Product Focus: KLM’s EFB Experience

By Charlotte Adams | March 1, 2005
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KLM Royal Dutch Airlines recently took delivery of its 10th Boeing 777-200ER passenger jet. The final two long-range twinjets on order will begin to arrive in 2006. All of them will feature dual Boeing electronic flight bags (EFBs).

Why make such a big investment in such difficult times? "The business case we looked at was the performance calculations," explains Michiel de Nooy, B777 pilot and vice president of KLM's 777 unit. Because of the electronic application's accuracy, compared with the manual approach, aircraft can carry "a few hundred kilos to a ton more payload," de Nooy says. That translates into obvious economic benefits. Boeing touts the EFB tool as able to determine the optimal speed and engine setting for the aircraft in any weather, on any runway or section of runway, with any payload. And, de Nooy adds, the calculator saves a lot of time.

The performance application, for example, employs exact temperature, wind and runway condition data from the outside world, so it comes close to optimizing the aircraft power, speed and loading configuration for takeoff and landing. It helps the pilot set trim and thrust settings, V speeds and minimum flap retraction altitude, as well as determine landing field and climb performance. While normal error margins are retained in the electronic calculations, there are no "hidden" margins to accommodate the larger inaccuracies involved in manual procedures. The flight bag is paying for itself, de Nooy asserts, mainly through reduced engine wear and tear and increased payloads on payload-critical destinations.

Perhaps the most popular feature is the airport moving map with a GPS-referenced aircraft icon. KLM flight crews use these maps in low-speed taxi before takeoff and after landing to see where they are at a given moment on the airport surface and where they are supposed to go next. Resolution is good enough to see the airport runways, taxiways, aprons, buildings and gates. The maximum map error is expected to be 66 to 82 feet (20 to 25 m).

Although crewmen can access the EFB via a cursor control device, display buttons or touchscreen, pilots prefer the touchscreen because it's quicker and more direct to go through the menu that way. The buttons are large enough for a gloved pilot. The use of a touchscreen makes the system easy to learn, de Nooy says. Pilots, for example, can pan the taxi map image by simply touching the screen and dragging a finger. Crews catch on quickly and require only half a day of training, he says.

At this point, the carrier uses taxi maps side by side with paper charts. The pilot not taxiing looks at the route on the paper map and the pilot taxiing checks off each step on the EFB. KLM is confident the tool will reduce the possibility of runway incursions and wrong turns along the path to the runway.

As with any new piece of equipment, there have been teething pains since the first aircraft were delivered in November 2003. The displays have been known to freeze up on the ground and in the air. (This glitch had involved the interfaces between software programs.) It never caused a problem, however, as every aircraft has two EFBs and the carrier is not totally dependent on them, de Nooy states. But Boeing has solved these initial problems, he adds, and has developed an automatic reboot mechanism that detects when a lockup is imminent and makes software adjustments to ensure system stability.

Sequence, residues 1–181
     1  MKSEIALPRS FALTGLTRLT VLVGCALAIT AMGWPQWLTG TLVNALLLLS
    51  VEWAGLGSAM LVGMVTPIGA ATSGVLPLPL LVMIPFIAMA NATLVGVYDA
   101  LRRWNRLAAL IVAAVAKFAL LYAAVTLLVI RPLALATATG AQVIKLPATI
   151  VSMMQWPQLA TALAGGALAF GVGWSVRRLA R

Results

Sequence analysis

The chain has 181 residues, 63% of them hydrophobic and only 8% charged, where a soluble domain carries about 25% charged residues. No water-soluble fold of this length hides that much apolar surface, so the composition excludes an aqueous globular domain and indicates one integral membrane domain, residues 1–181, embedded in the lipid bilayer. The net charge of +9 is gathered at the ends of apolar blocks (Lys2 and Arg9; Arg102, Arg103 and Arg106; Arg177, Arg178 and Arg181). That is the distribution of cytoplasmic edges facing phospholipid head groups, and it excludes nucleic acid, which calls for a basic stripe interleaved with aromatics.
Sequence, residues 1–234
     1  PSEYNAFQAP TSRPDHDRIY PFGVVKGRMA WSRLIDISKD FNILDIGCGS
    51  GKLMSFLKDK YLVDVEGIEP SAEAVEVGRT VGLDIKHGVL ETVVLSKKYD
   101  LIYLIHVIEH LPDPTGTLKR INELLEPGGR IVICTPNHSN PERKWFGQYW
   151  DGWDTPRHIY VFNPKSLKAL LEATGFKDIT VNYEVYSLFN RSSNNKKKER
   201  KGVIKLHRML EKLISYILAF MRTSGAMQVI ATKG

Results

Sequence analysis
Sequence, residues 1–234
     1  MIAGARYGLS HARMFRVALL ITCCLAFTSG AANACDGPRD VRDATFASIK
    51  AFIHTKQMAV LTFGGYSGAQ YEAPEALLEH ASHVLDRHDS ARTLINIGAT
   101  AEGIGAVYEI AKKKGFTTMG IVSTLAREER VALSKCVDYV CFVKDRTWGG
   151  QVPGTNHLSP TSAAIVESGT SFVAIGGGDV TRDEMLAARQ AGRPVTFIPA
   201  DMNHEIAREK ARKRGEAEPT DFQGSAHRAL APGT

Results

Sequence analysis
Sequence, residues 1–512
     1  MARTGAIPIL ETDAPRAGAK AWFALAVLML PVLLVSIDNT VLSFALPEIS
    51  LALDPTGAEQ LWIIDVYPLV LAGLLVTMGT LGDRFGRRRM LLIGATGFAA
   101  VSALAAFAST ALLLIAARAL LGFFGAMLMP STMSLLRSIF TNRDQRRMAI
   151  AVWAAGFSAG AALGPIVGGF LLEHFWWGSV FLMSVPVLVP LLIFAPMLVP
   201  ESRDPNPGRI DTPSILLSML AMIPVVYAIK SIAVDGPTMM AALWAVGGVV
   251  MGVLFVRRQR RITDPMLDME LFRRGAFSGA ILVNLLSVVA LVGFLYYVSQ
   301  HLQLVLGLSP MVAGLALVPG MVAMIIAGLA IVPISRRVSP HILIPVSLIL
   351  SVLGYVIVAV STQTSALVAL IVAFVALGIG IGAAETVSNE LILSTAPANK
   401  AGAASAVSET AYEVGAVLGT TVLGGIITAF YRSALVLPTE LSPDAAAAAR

Two other EFB applications currently are used in flight: video surveillance and electronic documents. From a seated position pilots can view full-screen or split-screen, black-and-white video images of the area near the flightdeck door, as some European authorities require. KLM uses a three-camera surveillance system that can be expanded to 16 cameras.

Step-by-Step Approach

KLM so far has digitized two volumes of operations manuals, the minimum equipment list (MEL), flight crew training manual, and quick reference handbook. It also wants to digitize its aircraft maintenance logs and flight logs. Currently the crew uses the EFB en route only to check items in the MEL or operations manuals and to calculate landing distances in preparation for touchdown. KLM is taking a conservative, step-by-step approach to eliminating paper manuals. In fact, it extended the period for retaining a paper backup "so we are sure the system is fine, and we can do without it," de Nooy says.

The first step toward a paperless cockpit will be to eliminate paper operating manuals, something the carrier expects to do soon. As this takes place, the airline will save not only weight but document reproduction and distribution costs. Having the documents in electronic form also opens the door to electronically loading and updating information, even from a remote site, using a secure Internet connection. Electronic transmission of data via wireless Gatelink from the company's back office directly to the airplane would produce "tremendous savings," he says.

In the future, KLM plans to add digitized approach and terminal area charts for the EFB and is about to start a feasibility study. The electronic flight bag is an MEL item, but there have been no dispatch-related delays because the paper backups are in place.

As Boeing's launch customer, KLM also has been able to help fine-tune the EFB. The carrier's 200 B777 pilots have accumulated about 36,000 flight hours on the type so far. One suggestion was to more clearly distinguish between taxiways and runways on the moving map, de Nooy says. Boeing responded by using different colors and outlining to increase the contrast between the two areas. KLM also suggested enhancements to the electronic document search tool concerning search capabilities, graphics and large tables.






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